Crystal Science • How Crystals Form

Do you realize that Mother Earth comprises 85% crystal? How’s that for magnitude? But, to talk about crystal science, we must begin with the crust of the earth. Interestingly, the crust of the earth is mostly silicon and oxygen, in combination with six other elements. Those elements are as follows:

  1. Aluminum
  2. Calcium
  3. Iron
  4. Magnesium
  5. Potassium
  6. Sodium

Amazingly, from this casserole of chemistry derives the wide variety of crystal colors, shapes, and sizes of crystals that we all enjoy.

Crystal Science & Mother Earth’s Natural Recycling

Crystal science also includes reference to Mother Earth’s inherent ability to recycle – naturally. A demonstration of this is when limestone changes to crystals. Of course, it has to be the right conditions that include a variety of ingredients forming together under terrific pressure. The specifications of the production of these spectacular gems include just the right temperature, pressure, and space.

The conditions have to be so specific that it explains why diamonds, for instance, are only found in certain geographical regions around the world. That’s the reason why some precious gems are more expensive than others. It is simply because the conditions to produce them are rare.

Even with a vast abundance of minerals in the earth, for specific technical projects, scientists must produce replicas of what nature offers in order to meet the specifications of their project. But, this is no easy feat even with our modern technological advances.

Crystal Science • How Crystals Form

How Crystals Form 💠

The most precious variety of crystals derive from molten rock, or magma. Of course, magma comes from the intense heat melting rocks in the earth’s core in the upper mantle. When this soup of atoms cools, it solidifies and forms the symmetrical three-dimensional crystals that sparkle to our delight.

During the cooling process, magma forms the first crystals at a the highest melting points with simple composition. Slowly, different minerals continue to form until only complex atoms are left. The complex atoms are the source of the more elaborate crystal production.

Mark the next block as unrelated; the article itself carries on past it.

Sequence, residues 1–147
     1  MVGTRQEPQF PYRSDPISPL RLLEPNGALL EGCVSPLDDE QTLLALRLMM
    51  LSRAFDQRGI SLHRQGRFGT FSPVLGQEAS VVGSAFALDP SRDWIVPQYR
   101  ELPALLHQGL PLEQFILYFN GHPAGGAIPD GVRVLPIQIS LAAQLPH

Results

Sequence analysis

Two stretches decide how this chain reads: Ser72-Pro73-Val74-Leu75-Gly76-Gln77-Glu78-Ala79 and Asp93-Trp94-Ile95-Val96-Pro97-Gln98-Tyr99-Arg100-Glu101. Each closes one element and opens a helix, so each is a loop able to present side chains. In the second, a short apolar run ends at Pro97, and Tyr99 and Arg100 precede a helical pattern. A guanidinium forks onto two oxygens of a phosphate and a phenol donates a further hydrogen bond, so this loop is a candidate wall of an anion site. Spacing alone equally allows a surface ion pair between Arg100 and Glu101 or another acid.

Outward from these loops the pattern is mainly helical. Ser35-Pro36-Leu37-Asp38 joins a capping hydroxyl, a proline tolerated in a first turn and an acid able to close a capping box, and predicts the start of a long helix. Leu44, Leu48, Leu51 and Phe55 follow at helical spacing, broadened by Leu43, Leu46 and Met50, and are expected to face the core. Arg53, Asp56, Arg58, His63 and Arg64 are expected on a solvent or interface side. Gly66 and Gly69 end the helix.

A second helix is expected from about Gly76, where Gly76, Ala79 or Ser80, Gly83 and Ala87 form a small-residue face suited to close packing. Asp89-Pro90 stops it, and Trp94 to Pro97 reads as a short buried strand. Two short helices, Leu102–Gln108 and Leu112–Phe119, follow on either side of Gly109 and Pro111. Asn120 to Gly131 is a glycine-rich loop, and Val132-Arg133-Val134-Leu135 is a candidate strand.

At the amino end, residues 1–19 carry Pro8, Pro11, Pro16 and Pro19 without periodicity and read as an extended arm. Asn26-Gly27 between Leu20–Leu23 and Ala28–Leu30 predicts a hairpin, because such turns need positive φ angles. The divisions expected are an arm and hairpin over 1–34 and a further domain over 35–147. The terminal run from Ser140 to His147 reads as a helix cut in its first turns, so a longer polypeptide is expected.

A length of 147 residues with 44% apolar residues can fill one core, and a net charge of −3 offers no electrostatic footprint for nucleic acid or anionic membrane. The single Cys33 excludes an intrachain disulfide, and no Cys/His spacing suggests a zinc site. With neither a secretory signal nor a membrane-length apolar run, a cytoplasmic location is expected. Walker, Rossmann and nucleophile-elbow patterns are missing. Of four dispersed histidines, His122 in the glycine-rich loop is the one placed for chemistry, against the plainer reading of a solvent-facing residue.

The amorphous material or rock comprising of tiny crystals form when magma reaches the surface of the earth and cools very quickly. You will most commonly find these rocks in the form of basalt. However, magma that stays underground solidifies at a slower rate and produces coarse-grain rocks such as quartz, feldspar, and mica – all ingredients of granite.

The table below shows the Moth’s Scale which is the scale of crystal hardness. Simply stated, the minerals below will scratch those below it and is scratched by those above it.

1. Talc – scratched by fingernail
2. Gypsum – scratched by fingernail
3. Calcine – scratched by copper coin
4. Fluorite – scratched easily by pocket knife
5. Apatite – pocket knife just scratches it
6. Feldspar – scratched by steel file
7. Quartz – scratches quartz easily
8. Topaz – scratches quartz easily
9. Corundum – scratches topaz easily
10. Diamond – hardest natural material known
VIA The Book of Crystal Healing

Crystals from Dissolved Minerals

Some crystals such as quartz and rhodochrosite form from chemical solutions within rock cavities. Then, water dissolves minerals into component ions or charged ions which produces a aqueous solution. Again, the conditions must be right in terms of time temperature and ingredients. Next, when the right combination happens the solution over saturates and the precipitation of crystals begins. What’s more, the slower the precipitation, the larger the crystals grow.

Crystal Science & Metamorphism

As before, the right range of conditions must be in place for alteration to take place. In fact, the changes in pressure, temperature, or chemical conditions may cause a new species of mineral to form to accommodate its immediate environment.

Interestingly, some crystals recrystallize in their solid state when extreme subterranean changes in temperature and pressure rearrange the atoms without any resulting melting. One example of this is the metamorphosis of limestone into marble and shales which are altered to garnet-studded mica schist. But, the fascinating fact remains that the variety of minerals from the original rocks produces the diversity of crystals.

I hope you find inspiration and guidance from learning more about the world of crystals and how they fit into your lifestyle. If you have any questions or have a suggestion, please contact me right away. I also want to invite you to our group on Facebook to join and jive with kindred spirits. Namaste!

Other Posts in the Crystal Healing series:

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